Tania Bright Cook ConvenerA leading charity working to end child trafficking and exploitation has appointed leader, speaker and business adviser Tania Bright-Cook as its new Chair.

Love146, which sums up its mission as “Abolition and Restoration!”, derived its name from seeing a young girl with the identification number 146 pinned to her dress during an undercover investigation in a trafficking den. Unlike the other victims who seemed void of life, this little girl still had a spark of defiance in her eye, and founders of the movement were inspired to tackle the endemic head on.

An estimated 4.5 million people are enslaved in sexual exploitation across the globe today, while a further 14.2 million are in forced labour. And although a common myth suggests that such exploitation is limited to developing nations, that is simply not the case. Thousands are thought to be trapped in modern day slavery in the UK alone, and Love146 works to free children from trafficking across Europe and the UK, as well as the Philippines, Cambodia, Thailand and India.

The abolition of modern day slavery is currently a hotly debated issue, with a Modern Slavery Bill being considered by the UK Parliament. Britain has even been described as “on the cusp of a great historical advance” by Labour MP Frank Field, who has led a review committee of the initial draft of the Bill.

Love146 is therefore using 2014 as a key year to launch ambitious new projects on prevention, education and the protection and care of survivors, while also continually expanding their global presence.

“With so much recent focus in the media and within government around the scale and horror of human trafficking and exploitation, Love146 is well placed to be able to work with agencies and charities to support the vulnerable and to bring about lasting change. Tania will be at the heart of an important charity at an important time in the history of this issue,” the charity has said in a statement.

Tania herself has said she is “delighted and humbled” to take on the new role.

“The abolitionists within the movement are extraordinarily motivated and talented – necessarily so, as the task ahead is huge. My primary focus is to support and orienteer that talent, so we significantly contribute toward abolishing the sexual and commercial exploitation of children across Europe. Nothing less,” she says.

Tania shared with Christian Today about the work that Love146 does, and just how each of us can get involved in combating modern day slavery.

CT: Just how big is the child trafficking crisis? What’s the reality and scale in the UK in particular?

TB: The horrible truth is that it’s really big. The UK Human Trafficking Centre (UK HTC) published a strategic assessment on the scale of human trafficking in 2012 and they encountered around 2,200 potential victims of human trafficking; 550 of those were children. That’s a very clear, big and published statistic, and you’re looking at around a quarter of all potential victims being children. However, the National Crime Agency readily acknowledges that these figures are just the tip of the iceberg; modern day slavery, exploitation and human trafficking are not on the surface, and so the problem goes desperately unreported.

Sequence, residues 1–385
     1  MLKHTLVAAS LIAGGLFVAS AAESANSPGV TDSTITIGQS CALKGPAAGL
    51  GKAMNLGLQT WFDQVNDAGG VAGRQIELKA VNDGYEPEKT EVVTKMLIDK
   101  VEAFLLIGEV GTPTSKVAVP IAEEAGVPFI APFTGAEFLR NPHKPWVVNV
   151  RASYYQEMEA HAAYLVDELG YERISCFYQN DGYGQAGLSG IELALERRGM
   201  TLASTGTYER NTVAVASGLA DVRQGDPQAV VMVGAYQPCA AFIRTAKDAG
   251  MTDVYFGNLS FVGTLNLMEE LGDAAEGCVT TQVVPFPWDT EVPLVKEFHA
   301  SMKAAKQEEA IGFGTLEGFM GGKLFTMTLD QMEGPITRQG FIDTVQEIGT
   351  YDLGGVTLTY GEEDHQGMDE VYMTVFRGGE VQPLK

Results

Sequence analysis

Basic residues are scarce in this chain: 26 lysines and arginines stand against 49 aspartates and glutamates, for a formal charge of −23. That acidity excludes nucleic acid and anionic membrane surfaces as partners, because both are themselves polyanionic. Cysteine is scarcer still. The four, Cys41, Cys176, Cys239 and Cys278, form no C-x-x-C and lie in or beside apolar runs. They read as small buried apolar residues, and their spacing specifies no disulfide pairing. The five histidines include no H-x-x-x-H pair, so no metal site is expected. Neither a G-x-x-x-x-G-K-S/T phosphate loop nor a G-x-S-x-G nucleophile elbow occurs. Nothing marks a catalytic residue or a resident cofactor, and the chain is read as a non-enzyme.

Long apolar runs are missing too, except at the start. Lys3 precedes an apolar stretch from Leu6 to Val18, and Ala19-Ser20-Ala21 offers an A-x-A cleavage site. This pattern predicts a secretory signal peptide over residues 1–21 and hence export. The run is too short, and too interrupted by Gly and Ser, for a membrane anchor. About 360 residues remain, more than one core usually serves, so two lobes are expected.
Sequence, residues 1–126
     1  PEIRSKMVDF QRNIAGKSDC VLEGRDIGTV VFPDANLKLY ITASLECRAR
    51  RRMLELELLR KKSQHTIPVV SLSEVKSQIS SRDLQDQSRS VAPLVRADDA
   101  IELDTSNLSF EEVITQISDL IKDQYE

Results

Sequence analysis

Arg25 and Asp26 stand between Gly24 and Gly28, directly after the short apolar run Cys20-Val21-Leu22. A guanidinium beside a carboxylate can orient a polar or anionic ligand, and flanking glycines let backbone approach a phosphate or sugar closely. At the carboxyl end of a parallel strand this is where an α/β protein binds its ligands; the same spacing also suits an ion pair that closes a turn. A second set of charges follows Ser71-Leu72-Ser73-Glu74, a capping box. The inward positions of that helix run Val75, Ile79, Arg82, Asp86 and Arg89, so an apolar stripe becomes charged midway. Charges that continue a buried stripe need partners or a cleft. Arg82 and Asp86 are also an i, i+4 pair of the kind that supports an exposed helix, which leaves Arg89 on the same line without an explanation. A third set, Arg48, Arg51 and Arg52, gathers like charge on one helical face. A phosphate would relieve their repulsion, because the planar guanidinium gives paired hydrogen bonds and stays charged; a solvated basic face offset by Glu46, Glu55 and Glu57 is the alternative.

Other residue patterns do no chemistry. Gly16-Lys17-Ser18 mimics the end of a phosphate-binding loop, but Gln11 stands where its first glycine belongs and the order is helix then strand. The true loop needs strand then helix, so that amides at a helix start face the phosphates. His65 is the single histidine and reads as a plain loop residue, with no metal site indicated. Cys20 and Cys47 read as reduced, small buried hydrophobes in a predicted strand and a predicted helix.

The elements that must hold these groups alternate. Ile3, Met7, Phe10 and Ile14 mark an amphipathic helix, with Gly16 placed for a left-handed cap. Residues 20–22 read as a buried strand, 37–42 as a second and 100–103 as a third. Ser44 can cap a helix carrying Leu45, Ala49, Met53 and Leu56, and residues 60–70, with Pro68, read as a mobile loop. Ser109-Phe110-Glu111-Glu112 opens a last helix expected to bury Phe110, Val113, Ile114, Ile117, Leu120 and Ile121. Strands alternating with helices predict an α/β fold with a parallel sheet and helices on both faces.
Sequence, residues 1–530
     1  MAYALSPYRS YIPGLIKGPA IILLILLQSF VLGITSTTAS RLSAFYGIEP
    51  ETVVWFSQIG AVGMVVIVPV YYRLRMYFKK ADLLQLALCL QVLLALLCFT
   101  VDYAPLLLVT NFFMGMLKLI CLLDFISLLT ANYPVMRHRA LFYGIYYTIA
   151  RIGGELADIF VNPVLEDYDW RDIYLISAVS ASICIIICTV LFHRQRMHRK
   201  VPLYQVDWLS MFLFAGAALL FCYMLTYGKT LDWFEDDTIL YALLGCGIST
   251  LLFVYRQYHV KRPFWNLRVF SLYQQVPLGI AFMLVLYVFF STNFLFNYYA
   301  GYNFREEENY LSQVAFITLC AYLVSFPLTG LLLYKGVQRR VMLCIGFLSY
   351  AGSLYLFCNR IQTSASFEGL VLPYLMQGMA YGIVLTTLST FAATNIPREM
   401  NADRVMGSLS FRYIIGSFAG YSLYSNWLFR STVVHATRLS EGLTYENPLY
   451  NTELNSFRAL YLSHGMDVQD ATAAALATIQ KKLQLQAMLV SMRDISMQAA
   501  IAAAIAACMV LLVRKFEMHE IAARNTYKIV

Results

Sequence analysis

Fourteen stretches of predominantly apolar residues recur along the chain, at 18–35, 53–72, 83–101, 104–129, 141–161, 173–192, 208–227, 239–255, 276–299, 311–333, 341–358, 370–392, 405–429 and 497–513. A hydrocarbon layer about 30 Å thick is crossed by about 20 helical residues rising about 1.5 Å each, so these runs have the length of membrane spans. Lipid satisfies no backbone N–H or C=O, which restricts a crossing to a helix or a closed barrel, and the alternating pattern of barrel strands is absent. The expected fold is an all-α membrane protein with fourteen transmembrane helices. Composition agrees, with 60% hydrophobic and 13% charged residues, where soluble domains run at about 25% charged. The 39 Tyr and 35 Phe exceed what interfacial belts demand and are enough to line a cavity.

Frank Field’s evidence review committee found that there could be as many as 10,000 victims in the UK every year, so if we’re going on the same figure as the UK HTC, 2,500 children are somewhere in our communities being sexually or commercially exploited for financial gain, criminality and perversion. It’s a very big crisis.

CT: What does that look like in the UK in particular? Where is it happening?

TB: That’s a really interesting one.  There isn’t a very clear map plotting specific areas, but what we do know is that just by the very nature of urban areas – where there’s a high density of people and therefore a higher population – there’s higher likelihood of children and adults being trafficked.

But as someone said to me recently, don’t let that fool you. In some of our very rural areas there are children who have been trafficked from other countries into the UK for things like domestic servitude in the home, or working in nail bars, restaurants and illegal drug farms. So there are very rural, countrified areas where people will have no idea that there are children from all over the world being used as slaves.

This means that in terms of where in the UK, the answer is everywhere. Higher population simply equates to higher likelihood, but it is a countrywide issue, which makes it a very, very difficult thing to plot and react to geographically.